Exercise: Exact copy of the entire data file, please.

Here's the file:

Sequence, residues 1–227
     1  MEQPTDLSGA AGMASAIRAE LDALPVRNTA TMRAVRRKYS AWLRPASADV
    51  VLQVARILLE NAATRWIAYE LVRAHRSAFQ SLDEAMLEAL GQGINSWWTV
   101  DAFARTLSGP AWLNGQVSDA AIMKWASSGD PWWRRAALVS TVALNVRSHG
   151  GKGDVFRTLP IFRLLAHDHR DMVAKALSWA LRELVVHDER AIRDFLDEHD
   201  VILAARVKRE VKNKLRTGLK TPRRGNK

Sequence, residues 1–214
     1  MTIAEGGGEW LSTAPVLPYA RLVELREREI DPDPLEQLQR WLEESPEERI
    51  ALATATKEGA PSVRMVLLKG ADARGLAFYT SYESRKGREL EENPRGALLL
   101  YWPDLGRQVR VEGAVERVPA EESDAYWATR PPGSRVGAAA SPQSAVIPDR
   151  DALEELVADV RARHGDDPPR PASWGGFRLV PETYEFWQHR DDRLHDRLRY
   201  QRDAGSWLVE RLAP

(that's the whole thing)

Sequence, residues 1–227
     1  MEQPTDLSGA AGMASAIRAE LDALPVRNTA TMRAVRRKYS AWLRPASADV
    51  VLQVARILLE NAATRWIAYE LVRAHRSAFQ SLDEAMLEAL GQGINSWWTV
   101  DAFARTLSGP AWLNGQVSDA AIMKWASSGD PWWRRAALVS TVALNVRSHG
   151  GKGDVFRTLP IFRLLAHDHR DMVAKALSWA LRELVVHDER AIRDFLDEHD
   201  VILAARVKRE VKNKLRTGLK TPRRGNK

Sequence, residues 1–214
     1  MTIAEGGGEW LSTAPVLPYA RLVELREREI DPDPLEQLQR WLEESPEERI
    51  ALATATKEGA PSVRMVLLKG ADARGLAFYT SYESRKGREL EENPRGALLL
   101  YWPDLGRQVR VEGAVERVPA EESDAYWATR PPGSRVGAAA SPQSAVIPDR
   151  DALEELVADV RARHGDDPPR PASWGGFRLV PETYEFWQHR DDRLHDRLRY
   201  QRDAGSWLVE RLAP